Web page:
The Bolshevik account of the events of March 1918 in Baku is presented by Victor Serge in Year One Of the Russian Revolution: "The Soviet at Baku, led by Shaumyan, was meanwhile making itself the ruler of the area, discreetly but unmistakably. Following the Moslem rising of 18 March, it had to introduce a dictatorship. This rising, instigated by the Mussavat, set the Tartar and Turkish population, led by their reactionary bourgeoisie, against the Soviet, which consisted of Russians with support from the Armenians. The races began to slaughter each other in the street. Most of the Turkish port-workers (the ambal) either remained neutral or supported the Reds. The contest was won by the Soviets."

Memorial table on the wall of the hall of the building in Tbilisi, where on May 28, 1918 Azerbaijani National Assembly declared the first independent Azerbaijan Democratic Republic

On 26 May 1918, the Transcaucasian Democratic Federative Republic fell and its bodies were dissolved. The Azerbaijani faction constituted itself into the Azerbaijani National Council (NC). The Azerbaijani National Council immediately undertook parliamentary functions and proclaimed the foundation of the "Azerbaijani Democratic Republic" on 28 May 1918 and declared the National Charter, which read as follows:[15]

  1. Azerbaijan is fully sovereign nation; it consists of the southern and eastern parts of Transcaucasia under the authority of the Azerbaijani people.
  2. It is resolved that the form of government of the independent Azerbaijani state is a democratic republic.
  3. The Azerbaijani Democratic Republic is determined to establish friendly relations with all, especially with the neighboring nations and states.
  4. The Azerbaijani Democratic Republic guarantees to all its citizens within its borders full civil and political rights, regardless of ethnic origin, religion, class, profession, or sex.
  5. The Azerbaijani Democratic Republic encourages the free development of all nationalities inhabiting its territory.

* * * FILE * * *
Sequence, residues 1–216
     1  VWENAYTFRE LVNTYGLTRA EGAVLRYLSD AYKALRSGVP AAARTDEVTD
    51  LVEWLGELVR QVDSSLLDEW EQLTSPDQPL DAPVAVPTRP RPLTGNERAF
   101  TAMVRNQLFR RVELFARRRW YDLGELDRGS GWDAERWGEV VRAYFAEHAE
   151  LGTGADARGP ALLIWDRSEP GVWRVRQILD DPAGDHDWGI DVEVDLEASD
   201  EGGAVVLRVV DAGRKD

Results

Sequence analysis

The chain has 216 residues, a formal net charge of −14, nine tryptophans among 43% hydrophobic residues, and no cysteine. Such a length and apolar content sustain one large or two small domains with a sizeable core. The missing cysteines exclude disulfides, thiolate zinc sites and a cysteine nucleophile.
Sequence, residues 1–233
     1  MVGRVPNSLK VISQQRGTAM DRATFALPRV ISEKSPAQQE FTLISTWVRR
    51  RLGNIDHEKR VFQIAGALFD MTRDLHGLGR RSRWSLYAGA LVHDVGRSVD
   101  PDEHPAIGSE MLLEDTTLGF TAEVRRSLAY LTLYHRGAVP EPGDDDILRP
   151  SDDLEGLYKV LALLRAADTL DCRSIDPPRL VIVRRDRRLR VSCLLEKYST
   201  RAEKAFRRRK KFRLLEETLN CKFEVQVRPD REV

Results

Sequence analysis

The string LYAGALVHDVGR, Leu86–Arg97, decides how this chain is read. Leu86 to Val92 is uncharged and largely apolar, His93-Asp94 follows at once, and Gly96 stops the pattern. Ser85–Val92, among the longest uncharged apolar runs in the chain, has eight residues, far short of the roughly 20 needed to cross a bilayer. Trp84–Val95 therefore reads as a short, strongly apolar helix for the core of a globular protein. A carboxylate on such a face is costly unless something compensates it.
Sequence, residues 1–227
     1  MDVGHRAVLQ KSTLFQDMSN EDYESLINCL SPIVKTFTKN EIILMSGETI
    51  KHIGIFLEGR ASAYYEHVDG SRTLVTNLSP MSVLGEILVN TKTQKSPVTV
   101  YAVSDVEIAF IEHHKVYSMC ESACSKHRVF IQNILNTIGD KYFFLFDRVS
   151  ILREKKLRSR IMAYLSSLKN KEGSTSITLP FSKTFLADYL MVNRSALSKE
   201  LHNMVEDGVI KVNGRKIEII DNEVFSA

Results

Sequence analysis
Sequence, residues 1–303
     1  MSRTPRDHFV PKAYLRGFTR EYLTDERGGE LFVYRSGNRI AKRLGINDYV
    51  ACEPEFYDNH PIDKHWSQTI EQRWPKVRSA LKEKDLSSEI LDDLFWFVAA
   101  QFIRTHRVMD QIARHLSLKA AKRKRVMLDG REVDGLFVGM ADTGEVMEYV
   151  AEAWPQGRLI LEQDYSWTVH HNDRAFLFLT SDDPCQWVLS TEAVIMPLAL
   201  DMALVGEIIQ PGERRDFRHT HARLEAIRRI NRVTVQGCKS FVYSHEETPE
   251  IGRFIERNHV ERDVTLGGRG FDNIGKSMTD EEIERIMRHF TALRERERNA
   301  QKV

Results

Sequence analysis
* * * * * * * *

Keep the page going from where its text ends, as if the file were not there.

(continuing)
6. Until the Azerbaijani Constituent Assembly is convened, the supreme authority over Azerbaijan is vested in a universally elected National Council and the provisional government responsible to this Council.

The Council was opposed by ultra-nationalists who accused it of being too left-wing. The Council was abolished after the opening of the Parliament on 7 December 1918.

Policy[edit]

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Despite existing for only two years, the multi party Azerbaijani Parliamentary republic and the coalition governments managed to achieve a number of measures on national and state building, education, creation of an army, independent financial and economic systems, international recognition of the ADR as a de facto state pending de jure recognition, official recognitions and diplomatic relations with a number of states, preparing of a Constitution, equal rights for all, etc. This has laid an important foundation for the re-establishment of independence in 1991.

Domestic[edit]

Political life in the ADR was dominated by the Musavat Party, the local winner of the Constituent Assembly elections of 1917. The first parliament of the republic opened on December 5, 1918. Musavat had 38 members in parliament, which consisted of 125 deputies, and with some independent MPs formed the biggest faction. The republic was governed by five cabinets (the 6th was being in the process when Azerbaijan was occupied by the Bolsheviks):